Tony is up for the dawn to take photos, but it is not as spectacular as he had hoped. The moon is setting too, and that looks really cool. Tony goes for a wander, and sees the neighbours have a visitor already, a street hawker with his scooter loaded up. It looks like he is selling herbs and veges, dozens of plastic bags are hanging off the bike.
Breakfast is not a patch on yesterday, coffee, bananas and toast – the cook is still away. We head away mid morning, taking the long way home around the Ubolratana Dam. On the way we see a herd of water buffalo, and at one town see a tyre shop with some cool sculptures made from old tyres. We stop here for a feed and a coffee.
We reach Ubolratana Dam around 2.30, it certainly is an impressive sight. Icecreams all round, then we hit the road again, our next stop is some sort of a resort. Monanza Thung Pong has bit of a zoo, well, there are enclosures, but the only sign of life is animal poo. It is pretty hot, so they are probably sheltering. There is a bit of building work going on, but strangely the obviously dilapidated sections are left untouched. Apparently when something comes to the end of its’ useful life here, it is just abandoned, and something built to replace it.
Wat Pa Kham Hua Chang Temple (Chang is Thai for elephant) is not far from Khon Kaen. It is a strange place, absolutely chocka with models of elephants of all sizes. There are hundreds of thousands of them, joined by toy camels, horses, cows, dogs, etc, but not to the same extent as the elephants. We can see a massive Budda statue being built, the head is on the ground under a shade cloth, and people are placing gold foil on it. It doesn’t appear to be sticking very well to the statue, and we wonder how well it will last. There are a few market stalls, and the monks are doing a roaring trade in flowers to leave at the site. We spend a bit of time here looking around, quite blown away by the sheer numbers of toy elephants, in various states of repair. It seems that once placed they are left to decay. Most are concrete molded, and the paint work fades quickly in this weather.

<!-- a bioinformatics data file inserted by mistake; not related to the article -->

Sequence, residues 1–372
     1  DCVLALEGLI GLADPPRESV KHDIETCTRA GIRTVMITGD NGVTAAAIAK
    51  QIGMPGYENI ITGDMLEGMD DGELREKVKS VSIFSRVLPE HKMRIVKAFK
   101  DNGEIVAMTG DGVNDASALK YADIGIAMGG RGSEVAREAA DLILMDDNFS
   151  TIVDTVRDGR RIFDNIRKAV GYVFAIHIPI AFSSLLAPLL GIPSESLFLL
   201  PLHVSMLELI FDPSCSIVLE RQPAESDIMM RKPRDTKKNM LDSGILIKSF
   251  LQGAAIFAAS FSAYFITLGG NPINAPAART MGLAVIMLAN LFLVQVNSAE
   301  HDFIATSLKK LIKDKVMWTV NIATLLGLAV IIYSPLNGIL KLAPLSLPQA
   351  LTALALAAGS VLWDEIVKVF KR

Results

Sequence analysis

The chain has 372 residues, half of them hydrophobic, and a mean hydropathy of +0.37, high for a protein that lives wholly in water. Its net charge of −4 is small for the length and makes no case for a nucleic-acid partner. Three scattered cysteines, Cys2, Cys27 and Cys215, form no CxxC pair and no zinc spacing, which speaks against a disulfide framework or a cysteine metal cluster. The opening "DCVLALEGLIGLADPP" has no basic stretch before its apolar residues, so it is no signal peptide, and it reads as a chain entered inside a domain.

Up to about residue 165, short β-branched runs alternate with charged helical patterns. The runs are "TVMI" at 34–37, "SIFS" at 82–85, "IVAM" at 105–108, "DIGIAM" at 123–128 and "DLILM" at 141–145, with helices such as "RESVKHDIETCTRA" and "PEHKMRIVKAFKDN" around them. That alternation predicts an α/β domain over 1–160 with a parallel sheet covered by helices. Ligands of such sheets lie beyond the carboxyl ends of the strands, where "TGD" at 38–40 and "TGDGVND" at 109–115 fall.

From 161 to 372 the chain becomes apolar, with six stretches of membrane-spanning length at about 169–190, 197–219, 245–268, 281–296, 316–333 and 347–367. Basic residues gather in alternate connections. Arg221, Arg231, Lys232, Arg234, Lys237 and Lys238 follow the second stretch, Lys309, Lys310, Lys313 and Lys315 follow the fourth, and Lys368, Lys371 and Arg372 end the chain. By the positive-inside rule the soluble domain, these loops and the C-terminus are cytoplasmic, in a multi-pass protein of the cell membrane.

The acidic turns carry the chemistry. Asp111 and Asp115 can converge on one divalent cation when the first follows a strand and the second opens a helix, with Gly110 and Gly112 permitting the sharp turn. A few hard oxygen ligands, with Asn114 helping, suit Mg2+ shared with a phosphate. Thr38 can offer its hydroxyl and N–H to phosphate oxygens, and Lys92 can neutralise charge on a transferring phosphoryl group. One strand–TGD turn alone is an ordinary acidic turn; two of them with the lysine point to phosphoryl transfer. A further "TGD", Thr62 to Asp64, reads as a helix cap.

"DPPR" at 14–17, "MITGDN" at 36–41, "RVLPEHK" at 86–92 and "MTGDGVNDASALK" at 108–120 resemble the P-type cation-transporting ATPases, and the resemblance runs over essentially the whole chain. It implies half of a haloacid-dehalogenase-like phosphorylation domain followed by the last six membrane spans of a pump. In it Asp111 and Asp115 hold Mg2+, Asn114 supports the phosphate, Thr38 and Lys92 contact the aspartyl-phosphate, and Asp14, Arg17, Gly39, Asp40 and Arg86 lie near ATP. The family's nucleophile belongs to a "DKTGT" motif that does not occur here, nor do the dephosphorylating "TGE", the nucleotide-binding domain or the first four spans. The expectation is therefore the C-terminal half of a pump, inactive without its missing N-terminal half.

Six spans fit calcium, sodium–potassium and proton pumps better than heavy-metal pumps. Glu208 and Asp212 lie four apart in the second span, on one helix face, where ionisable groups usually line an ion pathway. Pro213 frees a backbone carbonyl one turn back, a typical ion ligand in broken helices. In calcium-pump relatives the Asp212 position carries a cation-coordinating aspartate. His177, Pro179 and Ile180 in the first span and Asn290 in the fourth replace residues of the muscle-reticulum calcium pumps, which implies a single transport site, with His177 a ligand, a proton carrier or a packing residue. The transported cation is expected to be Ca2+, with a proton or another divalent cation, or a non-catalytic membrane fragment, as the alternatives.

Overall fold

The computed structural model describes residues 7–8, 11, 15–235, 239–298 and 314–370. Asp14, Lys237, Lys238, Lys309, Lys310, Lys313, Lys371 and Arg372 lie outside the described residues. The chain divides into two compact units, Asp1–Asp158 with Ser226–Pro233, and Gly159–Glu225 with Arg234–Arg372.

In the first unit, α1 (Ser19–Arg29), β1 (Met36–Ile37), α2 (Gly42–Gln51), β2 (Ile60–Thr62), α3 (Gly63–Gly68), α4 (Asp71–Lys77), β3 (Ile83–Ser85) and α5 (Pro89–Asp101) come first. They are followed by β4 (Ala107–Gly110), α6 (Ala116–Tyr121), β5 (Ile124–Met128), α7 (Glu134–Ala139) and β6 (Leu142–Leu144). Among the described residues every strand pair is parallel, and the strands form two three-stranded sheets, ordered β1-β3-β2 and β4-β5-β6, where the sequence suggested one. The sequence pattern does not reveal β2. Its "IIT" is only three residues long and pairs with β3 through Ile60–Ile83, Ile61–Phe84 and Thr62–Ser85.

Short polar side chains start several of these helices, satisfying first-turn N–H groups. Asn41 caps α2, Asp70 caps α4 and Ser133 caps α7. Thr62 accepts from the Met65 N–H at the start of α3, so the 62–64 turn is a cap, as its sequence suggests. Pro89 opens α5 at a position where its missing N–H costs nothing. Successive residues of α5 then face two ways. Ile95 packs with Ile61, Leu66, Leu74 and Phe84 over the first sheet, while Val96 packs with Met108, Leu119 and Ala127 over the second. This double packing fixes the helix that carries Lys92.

Back in Khon Kaen we drive through the huge university campus. Jeff takes us to the horticultural section, where plants are sold to boost university funds. We buy some orchids for Jeff and Karen, and would dearly love to be taking a few of these home with us. Close by are aquariums, and we see the ugliest butt ugly fish ever. We don’t know the name of it, but it is not pretty.
Near dusk we call in at the lake where a family are exercising their birds. They are here most days to let the birds fly free. There are a few different varieties, Macaw, Sulphur Crested Cockatoo, and Lovebirds, among others. The two big ones are on a stand with food and water, but only the cocky is chained up. All the others are allowed to fly free, and return (usually) when they hear the whistle. One or two play up, and don’t come when called. The wee birds are all over us, landing on our arms, climbing up on to our shoulders, then on to the top of our heads where they look like they are going to make a nest. So funny. They have lots of fun in Cynthea’s long hair.
We get some stunning sunset photos, and head over to the markets across the road for a feed (and a beer) before heading home. It has been a busy couple of days, especially for Jeff as he did all the driving, and we have been lucky to see all that we did.